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Chaotic Escape 1 by Mark J Stock

Mesh #3 Iso by Mark J Stock

On our cover we have a piece called Spherical Dendrite. It’s one of a series of 50 unique 3D-printed models. This particular model was created from a simulation of “diffusion-limited aggregation constrained to a sphere”. The key element of this process is Brownian motion. This describes the random motion of particles suspended in a fluid, a phenomenon named aer botanist Robert Brown who first observed it when looking at pollen grains in water. The mathematical representation of this effect is called the Wiener process. This is a stochastic process that starts at zero, is continuous, and has independent increments that are normally distributed with zero mean and a variance equal to the time steps. It is also used to model noise in electronic engineering, as well as appearing in the Black–Scholes model in the field of finance. To build the object on the cover, virtual particles were introduced into a sphere where they diffused through 3D Brownian motion until they came into contact with an existing part of the structure, sticking to it and eventually producing the final object. Another recent work by Mark is his Chaotic Escape series. In these images, fluid tries to escape from the centre of a supernova. He describes this process as “like pushing on a string when everything is a string. Chaotic Escape is a series of works from perfect virtual simulations of an impossible condition, created by intricate algorithms, and performed on a desktop supercomputer.” Mesh #3 Iso again exploits the freedom of fluid dynamics calculations to work with initial conditions that do not exist in the real world. Hence once again we create a structure that has a familiar behaviour, ‘despite its obvious artificiality’. The Structure series, from where this piece is taken, strips the fluids portrayed from all of their surrounding visual context, thereby exposing their computational origins. Thus through Mark’s work, we see the ability of mathematics to free us from the constraints of our physical world; allowing us to use our imagination to merge science and art to create stunning images. Mark J Stock has been showcasing his work since 2000 and has been in over 80 curated and juried exhibitions since 2001. For more of his art visit Rudolf Kohulák (pictured) is a PhD student at UCL working on the modelling of freeze-drying processes.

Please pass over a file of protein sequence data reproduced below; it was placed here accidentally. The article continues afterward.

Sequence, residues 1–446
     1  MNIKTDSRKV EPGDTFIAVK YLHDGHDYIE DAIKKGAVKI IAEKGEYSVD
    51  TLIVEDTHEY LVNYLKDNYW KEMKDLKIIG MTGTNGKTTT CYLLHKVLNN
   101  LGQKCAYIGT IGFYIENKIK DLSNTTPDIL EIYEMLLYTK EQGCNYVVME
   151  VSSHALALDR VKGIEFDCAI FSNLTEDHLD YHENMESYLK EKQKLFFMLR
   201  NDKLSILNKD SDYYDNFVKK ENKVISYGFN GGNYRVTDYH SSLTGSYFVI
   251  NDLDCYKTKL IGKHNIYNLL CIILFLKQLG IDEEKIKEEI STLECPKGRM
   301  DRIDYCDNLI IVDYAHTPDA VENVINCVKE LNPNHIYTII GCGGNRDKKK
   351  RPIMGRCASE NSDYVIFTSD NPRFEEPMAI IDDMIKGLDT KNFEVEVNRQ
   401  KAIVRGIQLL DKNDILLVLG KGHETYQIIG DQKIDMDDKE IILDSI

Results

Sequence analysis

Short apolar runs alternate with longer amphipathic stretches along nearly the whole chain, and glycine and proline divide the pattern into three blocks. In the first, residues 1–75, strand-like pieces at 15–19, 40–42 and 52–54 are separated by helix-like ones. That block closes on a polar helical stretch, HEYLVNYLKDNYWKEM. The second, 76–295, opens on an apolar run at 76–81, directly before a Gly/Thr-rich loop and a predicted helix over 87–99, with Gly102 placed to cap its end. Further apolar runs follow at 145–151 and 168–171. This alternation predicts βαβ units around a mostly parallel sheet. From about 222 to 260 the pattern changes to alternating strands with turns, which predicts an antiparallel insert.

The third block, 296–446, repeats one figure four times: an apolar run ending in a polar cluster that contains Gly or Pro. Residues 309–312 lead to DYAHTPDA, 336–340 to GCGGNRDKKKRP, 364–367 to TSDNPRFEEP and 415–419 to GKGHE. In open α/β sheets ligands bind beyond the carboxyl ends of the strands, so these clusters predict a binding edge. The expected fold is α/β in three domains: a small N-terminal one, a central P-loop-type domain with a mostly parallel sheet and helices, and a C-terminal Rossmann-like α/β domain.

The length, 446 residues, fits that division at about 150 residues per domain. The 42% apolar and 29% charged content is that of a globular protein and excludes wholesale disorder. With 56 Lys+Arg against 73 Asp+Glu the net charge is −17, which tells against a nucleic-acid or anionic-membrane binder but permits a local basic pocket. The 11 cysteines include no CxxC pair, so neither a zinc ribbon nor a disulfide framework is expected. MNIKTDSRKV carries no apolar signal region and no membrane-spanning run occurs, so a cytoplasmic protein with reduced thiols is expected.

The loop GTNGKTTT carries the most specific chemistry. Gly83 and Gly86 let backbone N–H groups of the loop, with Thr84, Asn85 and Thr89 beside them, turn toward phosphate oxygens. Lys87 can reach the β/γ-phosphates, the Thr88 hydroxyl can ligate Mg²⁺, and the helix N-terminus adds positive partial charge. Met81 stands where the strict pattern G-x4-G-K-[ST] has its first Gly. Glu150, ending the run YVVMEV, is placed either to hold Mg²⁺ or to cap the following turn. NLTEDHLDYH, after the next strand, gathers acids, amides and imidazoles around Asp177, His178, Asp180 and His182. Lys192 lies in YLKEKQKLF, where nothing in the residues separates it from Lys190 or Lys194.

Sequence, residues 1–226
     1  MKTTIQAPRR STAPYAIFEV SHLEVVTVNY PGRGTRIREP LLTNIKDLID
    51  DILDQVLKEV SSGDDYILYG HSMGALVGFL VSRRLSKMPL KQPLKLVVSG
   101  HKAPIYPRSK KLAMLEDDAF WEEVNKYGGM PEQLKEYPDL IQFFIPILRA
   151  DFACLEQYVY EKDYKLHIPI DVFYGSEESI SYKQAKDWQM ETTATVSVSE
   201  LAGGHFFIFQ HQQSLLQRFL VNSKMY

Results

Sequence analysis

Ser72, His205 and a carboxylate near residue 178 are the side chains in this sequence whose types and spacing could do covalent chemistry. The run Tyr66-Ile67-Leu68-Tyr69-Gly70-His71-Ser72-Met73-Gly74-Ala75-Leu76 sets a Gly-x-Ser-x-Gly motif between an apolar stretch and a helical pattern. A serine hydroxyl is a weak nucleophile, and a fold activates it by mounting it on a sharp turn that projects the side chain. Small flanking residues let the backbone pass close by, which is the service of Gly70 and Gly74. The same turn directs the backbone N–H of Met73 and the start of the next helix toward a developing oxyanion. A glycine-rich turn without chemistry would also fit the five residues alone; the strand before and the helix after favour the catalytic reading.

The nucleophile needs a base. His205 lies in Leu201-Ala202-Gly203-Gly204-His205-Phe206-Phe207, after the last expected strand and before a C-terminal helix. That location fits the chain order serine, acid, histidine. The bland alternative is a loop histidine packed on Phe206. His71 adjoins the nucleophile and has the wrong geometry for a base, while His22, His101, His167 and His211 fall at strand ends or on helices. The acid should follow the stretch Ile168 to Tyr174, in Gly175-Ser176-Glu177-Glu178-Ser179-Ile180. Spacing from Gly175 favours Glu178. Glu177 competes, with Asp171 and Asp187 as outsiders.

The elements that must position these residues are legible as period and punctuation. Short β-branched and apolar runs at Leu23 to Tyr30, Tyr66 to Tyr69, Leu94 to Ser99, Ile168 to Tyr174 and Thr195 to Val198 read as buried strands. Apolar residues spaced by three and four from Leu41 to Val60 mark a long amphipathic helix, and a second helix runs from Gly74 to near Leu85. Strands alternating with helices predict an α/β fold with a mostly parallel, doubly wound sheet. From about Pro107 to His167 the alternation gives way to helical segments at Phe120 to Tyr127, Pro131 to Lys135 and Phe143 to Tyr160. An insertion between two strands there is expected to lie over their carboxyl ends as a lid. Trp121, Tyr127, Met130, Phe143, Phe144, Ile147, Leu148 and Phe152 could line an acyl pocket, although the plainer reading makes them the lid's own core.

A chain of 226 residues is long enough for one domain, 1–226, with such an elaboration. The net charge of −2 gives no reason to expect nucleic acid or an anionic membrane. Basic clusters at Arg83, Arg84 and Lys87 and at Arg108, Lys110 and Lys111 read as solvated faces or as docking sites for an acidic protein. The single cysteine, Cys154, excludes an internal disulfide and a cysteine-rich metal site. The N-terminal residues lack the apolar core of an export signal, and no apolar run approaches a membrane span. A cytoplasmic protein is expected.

spring 2016

Chalkdust, Issue 03  

Popular mathematics magazine from UCL

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